Tournament of Books 2023

Staff Picks

Tournament of Books 2023

it's back!

Those of you who are long time DCPL users may remember my excitement in the spring for the best bracket: a book bracket! The Tournament of Books happens annually and I've highlighted some of my favorite reads from tournaments past in 2020, 2019, 2018, and 2017. I took a break the last two years because I wasn't in the mood for anything that felt like homework (haha, I can't imagine why) but now I'm energized and revved up for this year's games!

That said, here are some of my favorite entries from the 2023 Tournament of Books:

Dinosaurs by Lydia Millet

After a failed relationship, Gil walks from New York to Arizona, where his life becomes intertwined with his new neighbors. Millet's prose is lyrical but also dryly funny, and this novel asks questions about the meaning of life and how to build a life on your own. This novel is highly recommended both for fans of philosophy but also fans of domestic fiction, with its thoughtful analysis of the residents of Gil's new Arizona neighborhood.

Mouth to Mouth by Antoine Wilson

Our unnamed narrator runs into an acquaintance from college at the airport, Jeff, who proceeds to narrate his life story. Many years ago, Jeff saved a man from drowning and became occupied by the question of how that man would use his life. That man turns out to be a renowned art dealer and as his life becomes intertwined with Jeff's, the narrative raises questions about destiny. This book fits well in with the tradition of novels about the connection between art and truth, like The Art Forger and The Blazing World.

Notes on Your Sudden Disappearance by Alison Espach

This book is a perfect example of why I love the TOB. I consider myself pretty plugged into the book scene, and I had never heard of this novel until the TOB longlist came out, but I'm so glad I read it. Narrated by Sally Holt over the course of fifteen years, starting with the summer before she enters eighth grade, this novel is a poignant coming of age story, a romance, and a story of a family dealing with the aftermath of grief. It reminded me of Tell the Wolves I'm Home, another novel I've recommended in the past, but it's also very much its own creature.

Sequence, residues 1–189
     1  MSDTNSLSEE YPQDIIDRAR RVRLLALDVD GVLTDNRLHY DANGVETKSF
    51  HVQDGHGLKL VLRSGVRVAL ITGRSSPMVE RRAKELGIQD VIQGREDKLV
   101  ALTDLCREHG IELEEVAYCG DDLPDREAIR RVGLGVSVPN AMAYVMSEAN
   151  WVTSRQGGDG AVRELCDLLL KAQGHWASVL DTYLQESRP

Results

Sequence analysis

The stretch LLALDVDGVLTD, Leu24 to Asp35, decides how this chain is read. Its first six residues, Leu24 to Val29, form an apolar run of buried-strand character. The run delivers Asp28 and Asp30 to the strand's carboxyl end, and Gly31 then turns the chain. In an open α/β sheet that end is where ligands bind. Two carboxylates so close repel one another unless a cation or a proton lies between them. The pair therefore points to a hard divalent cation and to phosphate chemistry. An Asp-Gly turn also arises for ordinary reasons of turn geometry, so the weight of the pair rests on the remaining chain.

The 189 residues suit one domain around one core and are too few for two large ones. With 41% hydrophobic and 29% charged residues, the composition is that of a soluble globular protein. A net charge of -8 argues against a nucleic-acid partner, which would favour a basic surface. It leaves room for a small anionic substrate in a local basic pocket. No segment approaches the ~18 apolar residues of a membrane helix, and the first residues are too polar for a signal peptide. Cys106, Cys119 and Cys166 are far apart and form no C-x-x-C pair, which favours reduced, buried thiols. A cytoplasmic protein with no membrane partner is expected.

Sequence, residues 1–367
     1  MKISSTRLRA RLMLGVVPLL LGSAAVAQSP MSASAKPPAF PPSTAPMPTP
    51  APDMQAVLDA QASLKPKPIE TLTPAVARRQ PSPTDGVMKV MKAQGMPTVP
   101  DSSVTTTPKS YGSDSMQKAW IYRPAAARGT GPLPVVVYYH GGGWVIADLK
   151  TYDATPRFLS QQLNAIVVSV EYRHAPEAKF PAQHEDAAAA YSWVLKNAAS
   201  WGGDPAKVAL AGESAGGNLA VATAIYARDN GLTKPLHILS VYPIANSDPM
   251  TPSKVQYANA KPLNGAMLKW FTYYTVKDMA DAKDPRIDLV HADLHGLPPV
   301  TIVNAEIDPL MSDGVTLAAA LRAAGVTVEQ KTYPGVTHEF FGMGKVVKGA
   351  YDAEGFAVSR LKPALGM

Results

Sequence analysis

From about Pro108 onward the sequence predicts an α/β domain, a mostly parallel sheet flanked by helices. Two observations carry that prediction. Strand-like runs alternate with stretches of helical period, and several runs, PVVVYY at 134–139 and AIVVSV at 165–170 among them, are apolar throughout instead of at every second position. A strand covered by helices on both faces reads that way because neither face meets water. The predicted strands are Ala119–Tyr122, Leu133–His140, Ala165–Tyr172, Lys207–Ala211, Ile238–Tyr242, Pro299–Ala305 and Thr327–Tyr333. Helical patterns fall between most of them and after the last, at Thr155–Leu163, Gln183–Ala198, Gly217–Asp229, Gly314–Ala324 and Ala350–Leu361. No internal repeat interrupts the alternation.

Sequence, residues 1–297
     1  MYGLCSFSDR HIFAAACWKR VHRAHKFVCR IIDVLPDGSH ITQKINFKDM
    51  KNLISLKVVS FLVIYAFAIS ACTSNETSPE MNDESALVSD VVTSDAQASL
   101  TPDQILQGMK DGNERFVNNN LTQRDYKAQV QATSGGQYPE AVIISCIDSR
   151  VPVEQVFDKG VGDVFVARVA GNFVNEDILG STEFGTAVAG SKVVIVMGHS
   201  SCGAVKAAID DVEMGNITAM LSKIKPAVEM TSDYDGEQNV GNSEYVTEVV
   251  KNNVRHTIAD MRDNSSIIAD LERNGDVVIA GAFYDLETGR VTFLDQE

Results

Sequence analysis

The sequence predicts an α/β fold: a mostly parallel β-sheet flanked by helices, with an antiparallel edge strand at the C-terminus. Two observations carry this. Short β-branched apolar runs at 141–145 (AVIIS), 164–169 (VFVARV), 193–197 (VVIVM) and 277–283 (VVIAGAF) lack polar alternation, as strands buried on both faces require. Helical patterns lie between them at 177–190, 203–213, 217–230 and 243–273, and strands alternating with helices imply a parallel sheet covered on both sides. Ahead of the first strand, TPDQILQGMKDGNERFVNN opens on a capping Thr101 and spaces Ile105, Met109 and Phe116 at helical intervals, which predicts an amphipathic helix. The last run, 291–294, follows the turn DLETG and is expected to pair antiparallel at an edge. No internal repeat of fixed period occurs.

Olga Dies Dreaming by Xochitl Gonzalez

Olga is a wedding planner for the rich and her brother Prieto is a Congressmen, but despite their ascents to the top of the social pyramid, both are haunted by the legacy of their mother Blanca, a militant Puerto Rican activist who left them when they were children to chase her political dreams. Gonzalez writes beautifully about love - familial and romantic - and about the meaning of the American dream and what is worth striving for. That this is the author's debut only makes me more excited!

Tomorrow, and Tomorrow, and Tomorrow by Gabrielle Zevin

This is a moving novel about friendship and love, but it's also a novel about the joy of fun and games. Sam and Sadie met as children and became friends before a miscommunication tore them apart, but a chance meeting in Cambridge, MA, in college brings them back to each other. The story is narrated by both parties, but also by other characters including Sam's roommate and even from the perspective of video game characters, and it gets at the reality of how human communication is imperfect and can lead to hurt feelings and relationships but also how our differences can work together to make our art and lives more interesting together than they would be alone.

Have you read any of this year's entries? Which are your favorites?
-Shoshana G.